I found some useful tips for sewing a centered zipper courtesy of the Sewing Divas, but it wasn’t really what I was looking for. However, their suggestions for avoiding “gaposis” problems seem pretty solid.

But, I did find an article on sewing a lapped zipper from the Sewing and Crafting Alliance (I did not know this was a thing) that seemed remarkably similar to the method described to me by lovely lady at church. Check it out–they explain it pretty well.

But, now I’m going to describe in terms my brain understands this lovely method of zipper insertion. (I’m also doing this to solidify the method in my mind.) So, here’s what I did:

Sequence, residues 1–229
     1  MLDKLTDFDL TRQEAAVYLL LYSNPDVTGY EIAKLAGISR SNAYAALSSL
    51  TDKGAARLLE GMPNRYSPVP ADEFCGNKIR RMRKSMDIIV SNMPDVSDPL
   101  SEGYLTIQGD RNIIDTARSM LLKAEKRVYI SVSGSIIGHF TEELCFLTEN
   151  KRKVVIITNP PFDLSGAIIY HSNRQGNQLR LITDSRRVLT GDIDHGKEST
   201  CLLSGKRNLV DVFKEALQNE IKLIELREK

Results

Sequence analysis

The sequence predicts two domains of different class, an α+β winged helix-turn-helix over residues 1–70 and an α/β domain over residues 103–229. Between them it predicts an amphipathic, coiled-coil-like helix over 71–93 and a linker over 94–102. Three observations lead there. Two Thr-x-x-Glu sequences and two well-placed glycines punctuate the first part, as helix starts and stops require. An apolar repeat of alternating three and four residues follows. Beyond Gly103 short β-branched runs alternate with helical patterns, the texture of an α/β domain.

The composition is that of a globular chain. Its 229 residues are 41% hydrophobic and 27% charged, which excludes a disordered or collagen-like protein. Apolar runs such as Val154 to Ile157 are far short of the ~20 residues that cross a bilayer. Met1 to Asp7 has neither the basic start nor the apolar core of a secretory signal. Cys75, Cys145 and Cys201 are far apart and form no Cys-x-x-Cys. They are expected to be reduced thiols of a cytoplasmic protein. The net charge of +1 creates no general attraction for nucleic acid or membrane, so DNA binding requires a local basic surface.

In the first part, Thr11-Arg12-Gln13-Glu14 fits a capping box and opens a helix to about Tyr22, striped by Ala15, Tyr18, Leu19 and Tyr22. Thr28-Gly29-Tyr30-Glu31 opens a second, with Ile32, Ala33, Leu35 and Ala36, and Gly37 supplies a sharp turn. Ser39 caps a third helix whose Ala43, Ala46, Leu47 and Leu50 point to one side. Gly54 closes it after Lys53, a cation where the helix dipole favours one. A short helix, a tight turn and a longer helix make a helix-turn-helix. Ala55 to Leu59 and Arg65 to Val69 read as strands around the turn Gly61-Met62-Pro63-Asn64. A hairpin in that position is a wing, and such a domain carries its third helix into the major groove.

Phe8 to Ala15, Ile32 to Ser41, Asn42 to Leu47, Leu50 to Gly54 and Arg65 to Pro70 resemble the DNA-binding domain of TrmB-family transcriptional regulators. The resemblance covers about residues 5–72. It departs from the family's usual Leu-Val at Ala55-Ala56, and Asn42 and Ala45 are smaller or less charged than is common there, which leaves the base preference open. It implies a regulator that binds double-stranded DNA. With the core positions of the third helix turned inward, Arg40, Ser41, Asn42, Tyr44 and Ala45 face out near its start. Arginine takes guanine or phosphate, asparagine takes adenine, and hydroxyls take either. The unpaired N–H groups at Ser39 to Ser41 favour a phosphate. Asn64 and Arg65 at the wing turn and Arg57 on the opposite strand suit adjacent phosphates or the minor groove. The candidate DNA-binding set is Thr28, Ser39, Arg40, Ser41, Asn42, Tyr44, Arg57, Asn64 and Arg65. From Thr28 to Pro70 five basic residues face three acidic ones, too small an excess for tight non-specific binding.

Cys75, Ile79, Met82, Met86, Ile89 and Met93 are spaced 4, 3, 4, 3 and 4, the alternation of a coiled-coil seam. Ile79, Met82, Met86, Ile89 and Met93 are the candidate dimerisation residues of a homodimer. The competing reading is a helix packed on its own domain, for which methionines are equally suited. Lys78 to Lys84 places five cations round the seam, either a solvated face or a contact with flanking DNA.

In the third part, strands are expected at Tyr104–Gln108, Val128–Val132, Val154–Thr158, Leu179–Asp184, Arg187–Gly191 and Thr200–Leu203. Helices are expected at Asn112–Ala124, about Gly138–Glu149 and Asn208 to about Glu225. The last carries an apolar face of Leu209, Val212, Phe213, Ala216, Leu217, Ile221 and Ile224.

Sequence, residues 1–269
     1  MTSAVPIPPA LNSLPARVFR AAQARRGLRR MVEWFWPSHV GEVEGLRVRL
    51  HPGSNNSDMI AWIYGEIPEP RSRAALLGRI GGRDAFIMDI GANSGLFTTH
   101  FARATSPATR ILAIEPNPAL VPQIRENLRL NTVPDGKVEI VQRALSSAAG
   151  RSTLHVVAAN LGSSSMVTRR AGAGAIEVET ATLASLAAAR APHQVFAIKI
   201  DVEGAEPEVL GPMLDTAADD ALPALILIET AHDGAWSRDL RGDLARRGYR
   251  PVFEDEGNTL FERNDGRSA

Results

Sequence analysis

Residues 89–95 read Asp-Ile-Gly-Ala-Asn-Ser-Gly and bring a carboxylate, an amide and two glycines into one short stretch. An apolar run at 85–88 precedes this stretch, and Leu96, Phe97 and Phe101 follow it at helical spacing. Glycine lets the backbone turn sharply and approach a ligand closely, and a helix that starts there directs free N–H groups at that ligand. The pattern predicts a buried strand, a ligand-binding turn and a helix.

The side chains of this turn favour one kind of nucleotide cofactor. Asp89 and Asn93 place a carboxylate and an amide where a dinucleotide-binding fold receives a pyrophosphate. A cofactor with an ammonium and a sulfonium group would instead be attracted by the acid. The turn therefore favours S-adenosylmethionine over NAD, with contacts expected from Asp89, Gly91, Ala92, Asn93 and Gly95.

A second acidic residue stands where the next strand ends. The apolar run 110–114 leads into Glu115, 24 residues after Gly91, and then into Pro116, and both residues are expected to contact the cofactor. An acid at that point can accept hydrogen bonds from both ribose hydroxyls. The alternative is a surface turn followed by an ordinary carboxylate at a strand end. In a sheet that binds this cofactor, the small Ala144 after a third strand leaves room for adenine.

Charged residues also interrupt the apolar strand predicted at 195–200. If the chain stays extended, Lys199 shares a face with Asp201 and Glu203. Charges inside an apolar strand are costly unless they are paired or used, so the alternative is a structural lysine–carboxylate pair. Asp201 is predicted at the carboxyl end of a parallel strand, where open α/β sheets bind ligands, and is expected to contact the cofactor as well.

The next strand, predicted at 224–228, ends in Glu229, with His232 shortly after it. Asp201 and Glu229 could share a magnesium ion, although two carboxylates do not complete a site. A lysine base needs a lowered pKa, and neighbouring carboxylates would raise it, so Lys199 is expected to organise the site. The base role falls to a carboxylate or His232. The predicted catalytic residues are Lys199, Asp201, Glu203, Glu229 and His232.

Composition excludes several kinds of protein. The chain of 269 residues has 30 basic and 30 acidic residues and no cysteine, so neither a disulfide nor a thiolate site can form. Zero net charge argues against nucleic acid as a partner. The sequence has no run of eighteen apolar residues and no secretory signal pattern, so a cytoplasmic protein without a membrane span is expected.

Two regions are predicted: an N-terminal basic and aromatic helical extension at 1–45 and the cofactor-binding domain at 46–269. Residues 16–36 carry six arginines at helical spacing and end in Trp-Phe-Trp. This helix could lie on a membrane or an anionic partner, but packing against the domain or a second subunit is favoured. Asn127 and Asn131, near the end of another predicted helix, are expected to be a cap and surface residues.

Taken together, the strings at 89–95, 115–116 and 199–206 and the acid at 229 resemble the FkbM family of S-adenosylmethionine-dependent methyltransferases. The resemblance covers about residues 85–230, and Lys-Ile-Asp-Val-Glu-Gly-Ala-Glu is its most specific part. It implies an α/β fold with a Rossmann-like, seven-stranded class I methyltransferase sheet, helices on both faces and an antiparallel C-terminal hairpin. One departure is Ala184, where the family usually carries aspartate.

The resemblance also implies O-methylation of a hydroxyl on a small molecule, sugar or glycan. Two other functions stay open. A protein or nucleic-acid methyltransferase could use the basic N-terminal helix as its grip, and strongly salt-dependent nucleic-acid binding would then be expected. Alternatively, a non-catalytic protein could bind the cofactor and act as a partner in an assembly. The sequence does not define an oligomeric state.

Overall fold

1. Make sure you mark where the bottom of your zipper will fall on the fabric. (Typically, your pattern will provide this mark.)

2. From the bottom up, sew the seam using the standard 5/8″ allowance. Once you reach the mark, switch to a basting stitch and sew the rest of the way.

3. Press the seam open. (Also, press your zipper if it needs it. Mine did.)

4. Align the zipper with the center of the seam. Now, you’re looking at the bottom of the zipper (where you begin sewing). With the seam allowance on your right extended, the rest of the fabric flipped out of the way.

5. Use your zipper foot. (I’m not going to explain which side of the foot you should be on. I really feel you can figure this out on your own.) Starting at the bottom and using a standard stitch length, sew about an inch or so. Then switch to a basting stitch for the rest of the seam. About half way up (or whenever you want to, really), sink your needle and raise your presser foot so you can unzip the zipper and get it out of your way. Then you can finish the seam.